Upon further analysis of the current data, after 6 months, a significantly greater KT width gain was measured at implant sites treated with FGG than those treated with CM. Specifically, the mean KT gain after 6 months in the CM group was 1.47 mm, and it was 4.41 mm in the FGG group (implant-level data), pointing to a mean difference of almost 3 mm in favor of the FGG group. From the clinical perspective, the results yielded with the use of CM could be considered insufficient to achieve the goal of ending with at least 2 mm of KM around dental implants, as has been suggested in the literature [2, 1517]. On the other hand, the previous comparative clinical studies reported on the mean KT width after 6 months at implant sites treated with FGG of 4.37 mm to 7.41 mm, whereas compared to the present findings higher values were reported for the CM group (i.e., 4.40 mm to 5.38 mm), [13, 18, 19]. Likewise, the obtained KT gain in the CM group in the current study is lower compared to the previous meta-analyses that indicated a mean KT width gain (i.e., weighted mean effect) of 2.96 mm to 3.5 mm when using substitute materials of xenogenic origin [9, 20]. Furthermore, one former systematic review with a scope to summarize the efficacy of surgical techniques for enlargements of KT at implant sites during the second-stage surgery concluded that apically positioned flap along with either FGG or xenogeneic graft materials seem to provide acceptable treatment outcomes [21]. The aforementioned discrepancies might to some extent be attributed to the difficulties in clinically assessing the boundaries of the grafted area in the CM group, as xenografts present similar color blending, contour, and texture as the adjacent area when compared to the FGG group [9]. Nonetheless, as outlined in one recent network meta-analysis, when the apically positioned flap was considered as a reference treatment, the use of FGG was the only surgical approach among the other materials (i.e., CGT, collagen matrix, acellular dermal matrix) yielding a significantly greater KT width at the implant sites (1.14 mm; p = 0.02) [20].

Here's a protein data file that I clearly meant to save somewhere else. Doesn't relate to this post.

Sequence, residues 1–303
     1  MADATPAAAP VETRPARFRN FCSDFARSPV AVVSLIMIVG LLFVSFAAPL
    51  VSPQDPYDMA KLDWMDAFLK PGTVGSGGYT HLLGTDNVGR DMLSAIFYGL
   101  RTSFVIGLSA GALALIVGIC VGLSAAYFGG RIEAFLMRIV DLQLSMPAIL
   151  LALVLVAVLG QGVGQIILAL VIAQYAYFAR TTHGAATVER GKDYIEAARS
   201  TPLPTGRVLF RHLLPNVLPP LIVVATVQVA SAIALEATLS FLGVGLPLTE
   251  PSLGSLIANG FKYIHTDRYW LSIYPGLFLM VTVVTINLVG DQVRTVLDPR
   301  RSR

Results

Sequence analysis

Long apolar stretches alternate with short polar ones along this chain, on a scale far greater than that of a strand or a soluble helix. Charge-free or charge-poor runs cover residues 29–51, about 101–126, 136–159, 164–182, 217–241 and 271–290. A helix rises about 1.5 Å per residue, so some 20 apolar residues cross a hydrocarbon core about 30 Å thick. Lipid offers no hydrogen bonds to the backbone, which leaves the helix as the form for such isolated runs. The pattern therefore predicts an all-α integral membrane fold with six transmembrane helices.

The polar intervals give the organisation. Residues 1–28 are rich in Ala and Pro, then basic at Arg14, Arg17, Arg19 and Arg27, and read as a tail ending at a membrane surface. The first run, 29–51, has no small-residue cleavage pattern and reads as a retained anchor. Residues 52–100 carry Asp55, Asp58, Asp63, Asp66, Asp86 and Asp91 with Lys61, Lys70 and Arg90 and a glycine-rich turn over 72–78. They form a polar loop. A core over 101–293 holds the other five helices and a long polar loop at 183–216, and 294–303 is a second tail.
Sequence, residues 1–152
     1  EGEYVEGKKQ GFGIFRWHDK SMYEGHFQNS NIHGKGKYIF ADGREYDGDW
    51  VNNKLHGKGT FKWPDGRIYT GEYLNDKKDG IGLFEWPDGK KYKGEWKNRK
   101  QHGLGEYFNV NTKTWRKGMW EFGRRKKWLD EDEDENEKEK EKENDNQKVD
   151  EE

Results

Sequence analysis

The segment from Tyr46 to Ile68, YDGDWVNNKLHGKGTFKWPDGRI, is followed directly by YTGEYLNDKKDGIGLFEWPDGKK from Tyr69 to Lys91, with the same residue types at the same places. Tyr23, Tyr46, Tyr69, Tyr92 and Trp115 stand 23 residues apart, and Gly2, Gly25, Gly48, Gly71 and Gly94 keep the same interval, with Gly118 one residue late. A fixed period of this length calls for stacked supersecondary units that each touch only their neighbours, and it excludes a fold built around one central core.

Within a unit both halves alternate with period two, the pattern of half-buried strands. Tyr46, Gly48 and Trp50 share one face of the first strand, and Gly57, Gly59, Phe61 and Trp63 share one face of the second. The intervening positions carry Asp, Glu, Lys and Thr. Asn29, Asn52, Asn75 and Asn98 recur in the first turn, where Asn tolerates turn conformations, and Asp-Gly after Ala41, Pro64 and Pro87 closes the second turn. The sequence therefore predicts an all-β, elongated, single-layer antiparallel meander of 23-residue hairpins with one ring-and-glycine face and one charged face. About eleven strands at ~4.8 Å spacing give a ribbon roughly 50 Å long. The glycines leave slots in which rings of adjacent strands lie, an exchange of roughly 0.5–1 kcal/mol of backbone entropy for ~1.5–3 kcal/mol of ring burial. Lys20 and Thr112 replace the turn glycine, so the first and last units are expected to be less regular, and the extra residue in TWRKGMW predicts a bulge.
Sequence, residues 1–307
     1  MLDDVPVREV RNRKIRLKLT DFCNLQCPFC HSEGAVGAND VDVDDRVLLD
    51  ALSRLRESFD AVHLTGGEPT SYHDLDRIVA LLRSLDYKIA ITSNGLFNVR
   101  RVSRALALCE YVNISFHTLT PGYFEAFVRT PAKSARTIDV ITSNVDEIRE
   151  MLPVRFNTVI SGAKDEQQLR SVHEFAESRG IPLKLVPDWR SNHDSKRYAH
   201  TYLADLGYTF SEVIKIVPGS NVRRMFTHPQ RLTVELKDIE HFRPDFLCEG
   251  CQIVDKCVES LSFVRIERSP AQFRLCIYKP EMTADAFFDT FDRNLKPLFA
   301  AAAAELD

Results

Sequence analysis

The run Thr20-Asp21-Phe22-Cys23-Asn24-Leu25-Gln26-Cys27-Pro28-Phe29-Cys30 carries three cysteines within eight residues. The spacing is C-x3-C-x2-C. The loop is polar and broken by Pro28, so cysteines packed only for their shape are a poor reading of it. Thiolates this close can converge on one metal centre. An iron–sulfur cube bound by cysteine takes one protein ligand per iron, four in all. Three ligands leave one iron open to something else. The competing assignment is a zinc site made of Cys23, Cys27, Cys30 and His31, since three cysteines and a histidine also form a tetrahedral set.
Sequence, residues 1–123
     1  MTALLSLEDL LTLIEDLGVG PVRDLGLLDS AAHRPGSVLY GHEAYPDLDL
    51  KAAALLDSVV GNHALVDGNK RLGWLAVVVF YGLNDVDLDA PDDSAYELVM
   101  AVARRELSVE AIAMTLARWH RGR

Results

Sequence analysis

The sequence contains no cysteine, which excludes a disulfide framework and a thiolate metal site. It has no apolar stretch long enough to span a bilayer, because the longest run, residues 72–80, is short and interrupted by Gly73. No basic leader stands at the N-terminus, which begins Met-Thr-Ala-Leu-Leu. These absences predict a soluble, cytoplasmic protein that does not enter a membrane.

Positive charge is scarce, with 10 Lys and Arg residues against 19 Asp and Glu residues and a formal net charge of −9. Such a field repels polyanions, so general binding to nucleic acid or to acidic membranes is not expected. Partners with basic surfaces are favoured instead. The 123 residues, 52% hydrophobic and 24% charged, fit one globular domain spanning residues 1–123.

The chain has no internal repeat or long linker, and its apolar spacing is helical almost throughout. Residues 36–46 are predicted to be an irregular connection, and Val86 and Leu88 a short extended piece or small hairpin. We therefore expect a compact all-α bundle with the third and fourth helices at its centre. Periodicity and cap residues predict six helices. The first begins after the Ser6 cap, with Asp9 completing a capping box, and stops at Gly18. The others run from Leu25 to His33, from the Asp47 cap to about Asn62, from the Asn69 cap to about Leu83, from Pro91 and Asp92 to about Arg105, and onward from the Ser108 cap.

When further analyzing this data, it was also noted that a gradual KT width reduction occurred in both groups after 3 and 6 months, with a tendency toward greater decreases in KT width noted in the CM group. Moreover, a higher KT reduction was observed within 1 to 3 months compared to the decrease measured between 3 and 6 months. The latter findings align with those of previous clinical analyses, suggesting a higher FGG shrinkage during the early healing phase (i.e., within the first 1 to 3 months; [22, 23], and a tendency towards greater KT width shrinkage in the CM group compared to the FGG group [8]).